Obama campaign reaches out to valley
Political interest could help local Democrats, UW professor says.
By Noah Brenner, Jackson Hole, Wyo.
Date: February 27, 2008
The crowd Friday in the Village Cafe was jumping. Like most days, the aroma of beer and pizza almost drowned out the smell of the well-worn long underwear sported by the apres-ski crowd, but the talk at the tables was decidedly different.
Comparisons of DIN settings gave way to comparisons of delegate counts and foreign travel to foreign policy as supporters of Democratic presidential candidate Sen. Barack Obama rallied in Teton Village.
“I think Barack Obama is a good opportunity to cause a positive revolution in Washington,” said Alex Neth as he sat at the Village Cafe bar eating pizza. “Eight years ago, I was a huge McCain supporter, but I don’t think we can live with the status quo anymore.”
Neth said he was won over after watching Obama debate his Democratic challengers, including Sen. Hillary Clinton.
In Teton County, the Obama campaign has compiled a mailing list of 180 supporters, including 40 who have committed to volunteering their time for the cause, Obama staffer Matt Chandler said. Of the 18 precincts in the county, Obama has “precinct captains” in 15 to drum up support.
Friday’s shindig was the second event in Jackson Hole for the Obama campaign after an initial gathering at Hard Drive Cafe on Presidents Day. It was organized by a loose cadre of valley Obama supporters. In an effort to get people to register in time to participate in the Wyoming Democratic caucuses slated for March 8, partygoers got a free beer from Snake River Brewing and were entered in a raffle for prizes including an Illuminati snowboard with proof of registration as a Democrat.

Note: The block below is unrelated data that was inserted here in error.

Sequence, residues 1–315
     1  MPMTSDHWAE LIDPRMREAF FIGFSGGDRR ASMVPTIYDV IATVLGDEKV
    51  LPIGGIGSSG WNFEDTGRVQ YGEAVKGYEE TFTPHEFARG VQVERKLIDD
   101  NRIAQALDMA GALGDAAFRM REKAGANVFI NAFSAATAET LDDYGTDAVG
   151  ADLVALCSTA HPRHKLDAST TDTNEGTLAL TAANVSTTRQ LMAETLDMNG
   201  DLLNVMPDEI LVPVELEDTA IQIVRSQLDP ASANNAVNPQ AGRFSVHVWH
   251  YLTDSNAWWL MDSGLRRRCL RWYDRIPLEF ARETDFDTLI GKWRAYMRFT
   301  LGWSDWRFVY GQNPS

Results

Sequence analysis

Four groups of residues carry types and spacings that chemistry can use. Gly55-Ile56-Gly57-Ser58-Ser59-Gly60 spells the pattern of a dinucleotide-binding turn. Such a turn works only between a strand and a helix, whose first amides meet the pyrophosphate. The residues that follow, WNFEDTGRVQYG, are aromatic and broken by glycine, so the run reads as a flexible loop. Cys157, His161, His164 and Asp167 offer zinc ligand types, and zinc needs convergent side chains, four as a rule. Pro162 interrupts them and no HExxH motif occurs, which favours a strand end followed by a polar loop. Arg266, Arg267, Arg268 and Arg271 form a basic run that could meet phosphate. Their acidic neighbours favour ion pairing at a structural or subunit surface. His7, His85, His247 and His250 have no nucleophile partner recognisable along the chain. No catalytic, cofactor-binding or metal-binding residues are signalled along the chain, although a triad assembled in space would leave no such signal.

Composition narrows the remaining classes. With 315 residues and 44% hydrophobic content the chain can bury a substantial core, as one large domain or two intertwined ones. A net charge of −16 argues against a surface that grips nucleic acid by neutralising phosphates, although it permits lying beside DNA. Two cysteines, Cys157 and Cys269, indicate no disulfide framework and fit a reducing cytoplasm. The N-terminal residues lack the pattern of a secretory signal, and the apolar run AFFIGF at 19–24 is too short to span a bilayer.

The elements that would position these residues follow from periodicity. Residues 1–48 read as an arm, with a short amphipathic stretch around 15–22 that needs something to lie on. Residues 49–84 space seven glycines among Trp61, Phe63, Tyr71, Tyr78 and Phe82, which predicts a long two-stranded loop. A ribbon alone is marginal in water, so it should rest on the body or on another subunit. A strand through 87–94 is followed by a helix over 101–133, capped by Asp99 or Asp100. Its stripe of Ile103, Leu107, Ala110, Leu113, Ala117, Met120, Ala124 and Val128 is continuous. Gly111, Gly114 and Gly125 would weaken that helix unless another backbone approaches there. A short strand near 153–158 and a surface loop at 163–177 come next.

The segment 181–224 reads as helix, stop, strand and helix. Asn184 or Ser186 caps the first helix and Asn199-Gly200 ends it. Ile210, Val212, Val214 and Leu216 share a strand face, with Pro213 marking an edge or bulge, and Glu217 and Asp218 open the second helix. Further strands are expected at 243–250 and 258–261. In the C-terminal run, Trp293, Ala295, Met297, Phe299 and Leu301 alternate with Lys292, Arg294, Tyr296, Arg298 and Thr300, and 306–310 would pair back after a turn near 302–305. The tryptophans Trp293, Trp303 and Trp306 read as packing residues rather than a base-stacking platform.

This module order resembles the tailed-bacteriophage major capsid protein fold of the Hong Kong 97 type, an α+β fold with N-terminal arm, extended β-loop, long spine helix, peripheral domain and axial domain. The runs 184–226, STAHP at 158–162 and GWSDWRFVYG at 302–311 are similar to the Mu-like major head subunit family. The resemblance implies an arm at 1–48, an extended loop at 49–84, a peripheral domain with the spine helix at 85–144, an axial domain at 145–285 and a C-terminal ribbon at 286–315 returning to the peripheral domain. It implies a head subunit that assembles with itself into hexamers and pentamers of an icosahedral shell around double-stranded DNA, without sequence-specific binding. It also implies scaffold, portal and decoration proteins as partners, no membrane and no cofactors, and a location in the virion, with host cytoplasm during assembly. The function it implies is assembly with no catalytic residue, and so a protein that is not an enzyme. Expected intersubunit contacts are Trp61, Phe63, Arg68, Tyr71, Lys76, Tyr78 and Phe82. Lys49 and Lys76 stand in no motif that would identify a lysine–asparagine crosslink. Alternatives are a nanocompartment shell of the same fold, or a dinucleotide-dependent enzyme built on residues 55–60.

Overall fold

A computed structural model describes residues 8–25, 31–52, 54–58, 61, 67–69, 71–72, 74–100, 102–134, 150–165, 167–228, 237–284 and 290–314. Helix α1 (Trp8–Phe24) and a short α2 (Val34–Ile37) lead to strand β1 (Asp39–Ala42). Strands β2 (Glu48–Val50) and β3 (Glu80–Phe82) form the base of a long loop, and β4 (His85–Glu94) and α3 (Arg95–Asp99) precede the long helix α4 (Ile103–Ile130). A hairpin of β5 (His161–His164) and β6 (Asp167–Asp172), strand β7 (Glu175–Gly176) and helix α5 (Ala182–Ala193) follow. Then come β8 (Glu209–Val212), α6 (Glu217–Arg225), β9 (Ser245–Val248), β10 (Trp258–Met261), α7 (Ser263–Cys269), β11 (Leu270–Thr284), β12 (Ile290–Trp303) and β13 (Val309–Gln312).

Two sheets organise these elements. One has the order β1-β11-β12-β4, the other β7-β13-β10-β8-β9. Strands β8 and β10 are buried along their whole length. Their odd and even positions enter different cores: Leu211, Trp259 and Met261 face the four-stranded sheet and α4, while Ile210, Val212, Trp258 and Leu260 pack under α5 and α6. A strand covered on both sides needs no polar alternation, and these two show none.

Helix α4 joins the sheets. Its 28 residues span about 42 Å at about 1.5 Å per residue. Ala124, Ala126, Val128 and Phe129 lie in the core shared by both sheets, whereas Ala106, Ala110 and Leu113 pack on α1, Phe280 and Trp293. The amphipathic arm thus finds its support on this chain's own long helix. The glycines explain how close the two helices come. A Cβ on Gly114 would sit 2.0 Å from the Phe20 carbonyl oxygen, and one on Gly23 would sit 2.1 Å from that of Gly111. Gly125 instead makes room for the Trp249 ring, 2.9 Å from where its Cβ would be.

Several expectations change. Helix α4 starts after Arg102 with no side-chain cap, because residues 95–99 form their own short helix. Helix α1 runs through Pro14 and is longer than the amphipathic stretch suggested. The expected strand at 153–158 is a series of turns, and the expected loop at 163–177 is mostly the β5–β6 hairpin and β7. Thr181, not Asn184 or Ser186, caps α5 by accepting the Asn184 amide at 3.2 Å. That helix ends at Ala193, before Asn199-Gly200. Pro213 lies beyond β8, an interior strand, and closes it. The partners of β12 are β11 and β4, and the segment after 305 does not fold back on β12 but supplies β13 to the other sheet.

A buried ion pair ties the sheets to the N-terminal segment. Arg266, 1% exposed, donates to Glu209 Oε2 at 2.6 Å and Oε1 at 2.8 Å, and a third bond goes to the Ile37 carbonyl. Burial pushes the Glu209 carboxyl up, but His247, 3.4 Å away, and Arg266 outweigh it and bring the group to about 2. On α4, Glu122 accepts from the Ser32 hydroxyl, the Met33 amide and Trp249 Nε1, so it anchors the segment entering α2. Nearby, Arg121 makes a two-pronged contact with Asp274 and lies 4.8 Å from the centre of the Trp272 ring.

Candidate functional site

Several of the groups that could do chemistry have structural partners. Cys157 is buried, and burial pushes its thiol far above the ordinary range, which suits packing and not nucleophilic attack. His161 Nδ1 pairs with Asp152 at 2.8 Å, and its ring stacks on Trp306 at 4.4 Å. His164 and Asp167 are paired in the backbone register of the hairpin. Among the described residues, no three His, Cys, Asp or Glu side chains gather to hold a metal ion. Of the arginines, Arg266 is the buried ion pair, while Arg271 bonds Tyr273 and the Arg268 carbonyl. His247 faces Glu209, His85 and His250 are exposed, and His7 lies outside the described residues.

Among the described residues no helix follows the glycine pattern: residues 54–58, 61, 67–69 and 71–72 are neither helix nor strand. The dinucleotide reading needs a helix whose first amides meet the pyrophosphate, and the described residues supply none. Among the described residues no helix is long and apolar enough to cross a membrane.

“I couldn’t believe it,” said Jim Stanford, who helped organize the event. “I got here and everybody had their little tickets and they were so proud of them.”
Valley artist Ben Roth printed 20 T-shirts proclaiming “Obama? Oh Yeah” with a photo of the Illinois senator. He sold all 20 at the event and plans to print more and expand into women’s styles, he said.
Roth himself switched his registration before coming out to the party.
“I had been a Republican because I thought that was the only vote that counted,” he said.
The palpable excitement about politics at the Village Cafe and with voters like Roth has the potential to carry through to the general election, said University of Wyoming political science professor Jim King.
“It suggests interest in the Democratic candidates that could carry over into the primary and into the fall campaigns,” King said. “Wyoming in presidential elections has not been competitive in recent years, but we are looking at a competitive House race and possibly a competitive Senate [race], so there are some spillover possibilities.”
King said presidential politics do not often have a huge effect on other elections, but this year could be somewhat different.
In the upcoming election, Wyoming will have essentially two and possibly three open seats, with Rep. Barbara Cubin announcing she would not seek re-election, Sen. John Barrasso defending a seat he was appointed to in June and Sen. Mike Enzi still undecided about his re-election plans.
“The place where they do have potential is on an open seat, so if they do have potential, now is the time,” he said. “With an open seat, voters know less about either candidate, so then affiliation could have that type of pulling effect. It is not going to be great, but this is the time it is likely to occur.”
Wilson’s Gary Trauner, who is challenging for Cubin’s House seat as a Democrat, has not committed to backing any candidate, but he said the interest could help his efforts.
“To me, the key is what is really behind it, and I think it is the desire for change and something different,” he said. “If that galvanizes people, I think that is a great thing because that is what I am trying to bring, as well.”